I didn’t find out about it until much later—it was only last summer that I became involved, after NASA climatologist James Hansen pointed out that the tar sands are the second-biggest pool of carbon on the planet and that, if we burn it on top of all the other fuel we’re busily combusting, it would be “game over.” Because of that, I went to jail last August with 1,252 others outside the White House, as part of a large-scale civil disobedience action. But once we were out of Central Cell Block in Washington, and once it had turned into a cause célèbre, enterprising reporters and advocates began looking into the way that Clinton’s State Department had handled the application. What they found was bizarre.
For one thing, Clinton herself had announced that she was “inclined” to grant the permit even before the environmental review was complete. And it may not have been simply because the Canadian government was pressing her to approve. TransCanada had hired one of Clinton’s former deputy campaign managers, Paul Elliott, as its chief lobbyist. A Canadian website, DeSmogBlog, found that several of the biggest “bundlers” from her recently completed campaign had lucrative lobbying contracts from the company. (Embassy officials were sending congratulatory e-mails to lobbyists when they landed the votes of senators for the pipeline.)
More distressing still, State had hired a company called Cardno Entrix to handle the environmental review. Entrix had been officially suggested for the job by TransCanada, which was one of Entrix’s “major clients.” The State Department review found that the project carried no significant environmental risk, despite 20 of the country’s top climate scientists signing a letter that stated, “We can say categorically that it’s not only not in the national interest, it’s also not in the planet’s best interest.”
Subsequent reporting by investigative journalists, among them Joshua Hersh of The Huffington Post, revealed just how badly State had handled the whole process. Hersh’s remarkable account showed the State Department refusing to conduct a full-fledged review of the pipeline, despite pressure from other government agencies. Instead, “the vast majority of responsibility for coordinating the environmental review fell to Elizabeth ‘Betsy’ Orlando, a young member of the foreign service with no scientific background and little institutional support. A lawyer by training, Orlando was technically a diplomatic courier—a job that normally entails shuttling classified materials around the globe, not delving into policy matters.” But her name appears on “just about every technical document” connected with the project, because for much of the time she was “the sole individual working full-time on pipeline reviews at State.”
Orlando declined to comment for Hersh’s article and at some point was posted overseas to Nigeria. By then, the project was in a state of “internal chaos”—at least, that was the description one Ottawa embassy staffer used when she was e-mailing a friend (who happened to be a lobbyist for Trans-Canada). The mess got so bad that several senators demanded an investigation. Eventually State’s in-house inspector general ruled that there were no technical violations of the law, but that the State Department’s “limited technical resources expertise and experience” for evaluating the project’s environmental impact hampered the review. “Given the pledge that President Obama made to get rid of lobbyists and their influence, we were surprised at the amount of access and influence a few key representatives of TransCanada clearly had to the inner workings of the process,” says Pica.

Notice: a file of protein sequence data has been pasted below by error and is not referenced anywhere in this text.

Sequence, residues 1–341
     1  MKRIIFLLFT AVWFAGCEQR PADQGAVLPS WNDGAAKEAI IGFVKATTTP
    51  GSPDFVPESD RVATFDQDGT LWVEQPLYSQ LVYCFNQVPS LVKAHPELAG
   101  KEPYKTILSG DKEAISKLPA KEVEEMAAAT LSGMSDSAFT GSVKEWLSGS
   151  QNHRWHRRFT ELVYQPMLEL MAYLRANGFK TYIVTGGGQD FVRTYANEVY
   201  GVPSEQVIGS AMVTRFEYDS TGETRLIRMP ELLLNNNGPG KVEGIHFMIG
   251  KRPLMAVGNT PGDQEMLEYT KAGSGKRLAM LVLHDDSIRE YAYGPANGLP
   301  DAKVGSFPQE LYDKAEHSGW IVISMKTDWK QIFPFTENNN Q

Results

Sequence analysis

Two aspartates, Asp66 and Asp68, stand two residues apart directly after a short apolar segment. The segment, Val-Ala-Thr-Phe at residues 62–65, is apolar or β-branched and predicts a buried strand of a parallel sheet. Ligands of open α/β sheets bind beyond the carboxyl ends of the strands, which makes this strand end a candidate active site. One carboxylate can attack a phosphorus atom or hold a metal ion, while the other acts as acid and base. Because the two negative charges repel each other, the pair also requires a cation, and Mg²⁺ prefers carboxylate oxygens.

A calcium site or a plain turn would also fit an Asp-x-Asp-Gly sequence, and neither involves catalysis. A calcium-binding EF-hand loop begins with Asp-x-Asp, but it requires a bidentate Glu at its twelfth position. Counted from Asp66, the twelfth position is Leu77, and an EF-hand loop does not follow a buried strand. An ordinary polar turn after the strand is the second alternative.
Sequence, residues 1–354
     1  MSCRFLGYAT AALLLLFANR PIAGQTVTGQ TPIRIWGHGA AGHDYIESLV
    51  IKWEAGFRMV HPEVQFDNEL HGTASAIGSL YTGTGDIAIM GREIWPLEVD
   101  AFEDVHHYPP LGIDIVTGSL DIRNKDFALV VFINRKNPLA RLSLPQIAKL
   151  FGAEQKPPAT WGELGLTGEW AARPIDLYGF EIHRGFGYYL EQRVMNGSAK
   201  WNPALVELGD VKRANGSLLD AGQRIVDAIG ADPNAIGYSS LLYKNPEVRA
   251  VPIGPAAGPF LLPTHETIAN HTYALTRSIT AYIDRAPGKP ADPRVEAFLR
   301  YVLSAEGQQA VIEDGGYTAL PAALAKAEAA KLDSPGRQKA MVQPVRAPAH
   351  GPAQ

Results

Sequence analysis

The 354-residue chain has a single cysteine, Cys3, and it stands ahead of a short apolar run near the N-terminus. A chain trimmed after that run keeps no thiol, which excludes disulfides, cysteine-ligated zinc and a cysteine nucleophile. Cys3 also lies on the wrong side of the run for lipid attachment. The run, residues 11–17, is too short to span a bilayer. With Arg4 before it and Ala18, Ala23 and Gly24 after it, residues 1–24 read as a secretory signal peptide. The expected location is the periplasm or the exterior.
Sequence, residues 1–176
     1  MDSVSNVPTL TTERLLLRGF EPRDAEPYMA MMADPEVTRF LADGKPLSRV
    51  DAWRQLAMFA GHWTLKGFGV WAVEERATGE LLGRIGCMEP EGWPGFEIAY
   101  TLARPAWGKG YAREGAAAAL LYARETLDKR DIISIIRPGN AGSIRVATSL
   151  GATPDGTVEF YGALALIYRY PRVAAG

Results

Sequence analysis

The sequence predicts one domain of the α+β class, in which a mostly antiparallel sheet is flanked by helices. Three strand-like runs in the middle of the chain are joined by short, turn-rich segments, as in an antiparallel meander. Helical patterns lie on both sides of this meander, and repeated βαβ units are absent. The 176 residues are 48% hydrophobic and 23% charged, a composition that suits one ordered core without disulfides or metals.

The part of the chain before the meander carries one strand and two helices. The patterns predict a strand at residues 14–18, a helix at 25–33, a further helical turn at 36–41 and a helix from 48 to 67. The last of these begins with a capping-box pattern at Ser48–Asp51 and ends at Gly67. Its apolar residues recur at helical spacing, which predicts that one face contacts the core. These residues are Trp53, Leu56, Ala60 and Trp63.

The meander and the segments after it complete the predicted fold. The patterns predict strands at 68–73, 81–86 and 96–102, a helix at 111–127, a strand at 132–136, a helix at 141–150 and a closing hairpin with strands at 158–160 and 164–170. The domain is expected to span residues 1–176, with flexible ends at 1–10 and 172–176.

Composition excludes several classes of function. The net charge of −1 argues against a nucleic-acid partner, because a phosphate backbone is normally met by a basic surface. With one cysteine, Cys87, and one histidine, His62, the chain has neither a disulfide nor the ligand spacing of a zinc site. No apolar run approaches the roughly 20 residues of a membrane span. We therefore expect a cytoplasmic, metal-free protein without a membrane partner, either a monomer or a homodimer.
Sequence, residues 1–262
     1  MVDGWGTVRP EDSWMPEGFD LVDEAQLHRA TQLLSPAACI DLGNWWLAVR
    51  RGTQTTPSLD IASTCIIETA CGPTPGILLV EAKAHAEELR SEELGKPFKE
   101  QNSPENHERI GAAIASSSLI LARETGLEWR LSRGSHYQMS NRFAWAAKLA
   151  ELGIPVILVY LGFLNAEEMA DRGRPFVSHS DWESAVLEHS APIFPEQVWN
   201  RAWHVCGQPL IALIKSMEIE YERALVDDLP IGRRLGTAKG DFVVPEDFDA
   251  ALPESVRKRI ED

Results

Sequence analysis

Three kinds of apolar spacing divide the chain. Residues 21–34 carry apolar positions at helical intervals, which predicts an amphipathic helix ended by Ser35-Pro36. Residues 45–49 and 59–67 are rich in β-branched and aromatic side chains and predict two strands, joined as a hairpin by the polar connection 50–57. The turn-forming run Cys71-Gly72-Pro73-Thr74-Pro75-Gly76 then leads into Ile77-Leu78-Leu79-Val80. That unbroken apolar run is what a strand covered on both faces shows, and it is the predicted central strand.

In one sense, then, President Obama did Clinton a favor—by short-circuiting the review process early in the winter and announcing that TransCanada would have to reapply for a new permit. That temporarily ended what had become the most public environmental battle of the president’s first term, postponed the eventual decision until after the election, and gave the State Department a chance for a do-over. But the available signs suggest that Foggy Bottom hasn’t changed its ways. Not only are the same higher-ups still running the pipeline project, but the proposed scope of their next review, as outlined last month, doesn’t even list global warming as one of the issues to be considered.
IN RECENT MONTHS, Secretary Clinton has taken to promoting an initiative to build better cookstoves in the developing world. If carried out on a massive scale, the project would help with climate change: The black soot that primitive stoves produce as they burn wood or dung accumulates on ice, speeding its melt. It would also help women and children, two million of whom may die each year from inhaling the fumes from their fires. But there have been many cookstove initiatives over the years, most of them failures. So far, this one boasts funding of just $105 million, or about .1 percent of the money she promised at Copenhagen.
Doubtless it will do some real good in particular places, and doubtless it won’t actually slow climate change very much. That task would require standing up to the fossil fuel industry, starting with a serious and thorough review of the climate impacts of the Keystone XL pipeline. “I bet NASA would lend Jim Hansen to State to help,” says Pica. “Since Clinton has said she’s not going to stick around for a second term, she needs to think about the legacy she wants to leave behind. It would be incomplete if she didn’t address climate change. Given the new Keystone review, there’s still time for her to grapple with it seriously. But not much.
Bill McKibben is founder of 350.org, which helped organize the fight against the Keystone XL pipeline. His most recent book is Eaarth: Making a Life on a Tough New Planet.This article appeared in the August 2, 2012 version of the magazine.